Hybrid working: how to promote belonging

With remote working set to continue, charities must make sure their staff feel a sense of workplace belonging, in this article Charity Digital explain their top tips.

The world of work has changed. With many charities introducing hybrid working models – a combination of working from home and in the office – it’s more important than ever that staff feel included and part of their workplace.

But what exactly does “workplace belonging” mean? Culture Amp describes it as the “feeling of security and support when there is a sense of acceptance, inclusion, and identity for a member of a certain group or place”.

It’s human nature to want to be included and part of something. And this is just as important in the workplace as it is in other aspects of our lives.

Why workplace belonging is important

It’s 17 months since the UK first locked down in March 2020. And, in that time, most of us have worked from home. With contact with colleagues restricted to video calls, it’s inevitable that some people will feel disconnected from their workplace.

Talk Freely says a lack of workplace belonging can affect motivation, morale, and wellbeing, and cause high staff turnover. On the flip side, Culture App says that “people who feel they belong perform better, become more willing to challenge themselves, and are more resilient”.

Research shows that belonging is closely linked to engagement. When people are engaged, they feel more motivated and committed to a cause. This is good for both charities and staff: it helps organisations to deliver their charitable activities and it’s good for people’s wellbeing.

Here are some ways to make sure hybrid working environments create a sense of belonging for staff:

Keep people updated

Strong communication is key. Keep people updated with news from across the charity, from team activities to decisions being made by the senior management team. When people are informed and know what is going on, it makes them feel more motivated and engaged.

Show them the bigger picture

It’s important that staff understand the strategy and direction of the organisation. When you feel part of the bigger picture and understand how your role fits into the charity’s wider goals, you’re more productive.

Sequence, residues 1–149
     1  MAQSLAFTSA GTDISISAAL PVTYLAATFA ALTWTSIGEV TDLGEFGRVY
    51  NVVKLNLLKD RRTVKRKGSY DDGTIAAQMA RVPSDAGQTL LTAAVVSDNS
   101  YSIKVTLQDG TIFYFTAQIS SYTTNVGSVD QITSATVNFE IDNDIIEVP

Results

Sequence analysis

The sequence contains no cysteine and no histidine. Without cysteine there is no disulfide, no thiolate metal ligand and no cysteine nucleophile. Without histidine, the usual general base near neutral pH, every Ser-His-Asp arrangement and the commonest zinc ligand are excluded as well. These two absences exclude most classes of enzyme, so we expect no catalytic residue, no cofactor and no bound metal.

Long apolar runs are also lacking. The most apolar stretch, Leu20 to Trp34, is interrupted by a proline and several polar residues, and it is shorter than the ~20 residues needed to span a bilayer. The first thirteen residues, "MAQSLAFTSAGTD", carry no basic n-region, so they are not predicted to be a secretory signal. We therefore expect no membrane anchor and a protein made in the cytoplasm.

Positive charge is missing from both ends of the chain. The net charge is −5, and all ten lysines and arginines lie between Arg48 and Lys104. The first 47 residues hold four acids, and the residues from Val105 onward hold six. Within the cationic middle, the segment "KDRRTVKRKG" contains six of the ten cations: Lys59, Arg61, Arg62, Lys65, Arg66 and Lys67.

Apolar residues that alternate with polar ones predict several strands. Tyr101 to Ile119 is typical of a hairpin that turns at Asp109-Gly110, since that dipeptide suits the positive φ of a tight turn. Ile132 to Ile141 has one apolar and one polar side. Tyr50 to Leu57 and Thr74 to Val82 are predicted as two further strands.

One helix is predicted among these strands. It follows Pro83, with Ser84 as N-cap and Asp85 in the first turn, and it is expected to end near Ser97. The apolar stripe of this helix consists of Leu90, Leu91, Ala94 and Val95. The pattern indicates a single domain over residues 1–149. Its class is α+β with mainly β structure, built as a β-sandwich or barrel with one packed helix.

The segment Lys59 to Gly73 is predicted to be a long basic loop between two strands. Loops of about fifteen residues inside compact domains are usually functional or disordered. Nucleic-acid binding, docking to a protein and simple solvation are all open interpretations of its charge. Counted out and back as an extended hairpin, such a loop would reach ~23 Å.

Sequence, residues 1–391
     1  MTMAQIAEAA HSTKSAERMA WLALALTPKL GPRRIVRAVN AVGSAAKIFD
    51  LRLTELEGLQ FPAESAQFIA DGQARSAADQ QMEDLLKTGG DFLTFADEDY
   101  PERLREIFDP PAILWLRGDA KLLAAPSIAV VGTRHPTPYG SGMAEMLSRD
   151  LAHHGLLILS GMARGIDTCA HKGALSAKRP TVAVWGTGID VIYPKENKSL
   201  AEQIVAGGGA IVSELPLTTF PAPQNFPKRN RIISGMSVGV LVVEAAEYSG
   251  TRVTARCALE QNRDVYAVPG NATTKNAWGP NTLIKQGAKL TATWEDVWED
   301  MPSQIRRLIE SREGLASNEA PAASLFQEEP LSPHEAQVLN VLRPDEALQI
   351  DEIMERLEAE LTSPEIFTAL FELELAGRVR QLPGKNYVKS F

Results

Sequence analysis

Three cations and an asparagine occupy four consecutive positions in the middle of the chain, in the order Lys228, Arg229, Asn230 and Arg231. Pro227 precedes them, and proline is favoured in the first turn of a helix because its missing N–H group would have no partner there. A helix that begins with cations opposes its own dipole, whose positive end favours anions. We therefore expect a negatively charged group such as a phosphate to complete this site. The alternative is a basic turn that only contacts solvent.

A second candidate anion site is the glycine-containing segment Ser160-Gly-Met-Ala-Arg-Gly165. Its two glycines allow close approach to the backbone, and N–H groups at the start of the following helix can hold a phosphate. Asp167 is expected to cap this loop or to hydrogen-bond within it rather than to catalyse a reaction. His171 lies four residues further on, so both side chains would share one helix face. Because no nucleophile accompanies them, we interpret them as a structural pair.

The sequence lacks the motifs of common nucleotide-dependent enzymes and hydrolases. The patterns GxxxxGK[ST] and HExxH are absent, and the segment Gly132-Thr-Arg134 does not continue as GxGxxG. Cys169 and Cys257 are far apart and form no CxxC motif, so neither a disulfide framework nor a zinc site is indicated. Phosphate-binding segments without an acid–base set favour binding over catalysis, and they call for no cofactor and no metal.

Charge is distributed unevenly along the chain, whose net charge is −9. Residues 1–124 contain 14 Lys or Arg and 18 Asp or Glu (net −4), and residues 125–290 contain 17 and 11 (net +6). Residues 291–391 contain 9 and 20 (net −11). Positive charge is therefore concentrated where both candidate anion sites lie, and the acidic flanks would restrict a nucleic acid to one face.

Make people feel valued

Create a working environment where everyone feels able to speak openly in meetings and can share their views. This will make people feel valued and show them that they can be involved in decision making. For example, if you’re reviewing your charity’s values, mission, and vision, get staff from across the charity to feed into this work.

But it’s not just about senior managers valuing staff. Everyone across the organisation must practice this. Gartner says “encourage employees to value others by caring for one another, advocating for everyone’s voices to be heard, and investing in their colleagues’ growth and development.”

Listen to staff

When people feel listened to, they feel valued. The Harvard Business Review says organisations should encourage staff to give feedback as this will show people they can contribute to changes across the organisation.

You could send out regular surveys to get people’s views on all aspects of your charity, from the way you communicate with staff to whether they understand how their work is contributing to the organisation’s mission and aims.

It’s important to remember that everyone is different and has different needs. Make sure you to listen to what individual people need and then respond to this.

Praise staff publicly

Talk Freely says it important to give praise openly as it makes others motivated to put in the extra effort. This drives engagement which in turns increases workplace belonging.

Bring people together

A big part of workplace culture is having the chance to socialise and chat to colleagues. The pandemic has stopped this from happening. Try to create social opportunities for colleagues to meet online, whether it’s an organised activity such a quiz or a quick 30-minute break to down tools and catch up.

Depending on people’s comfort levels, try to arrange opportunities for teams to work together in the office and see others in-person. This will really help to spark enthusiasm and motivation, particularly after not seeing colleagues face-to-face for a long time.

Be an ally

Forbes says having someone in the workplace who supports you can help you to feel included and have a sense of workplace belonging. The Harvard Business Review says being an ally means treating everyone equally and sharing your experiences of dealing with challenging situations.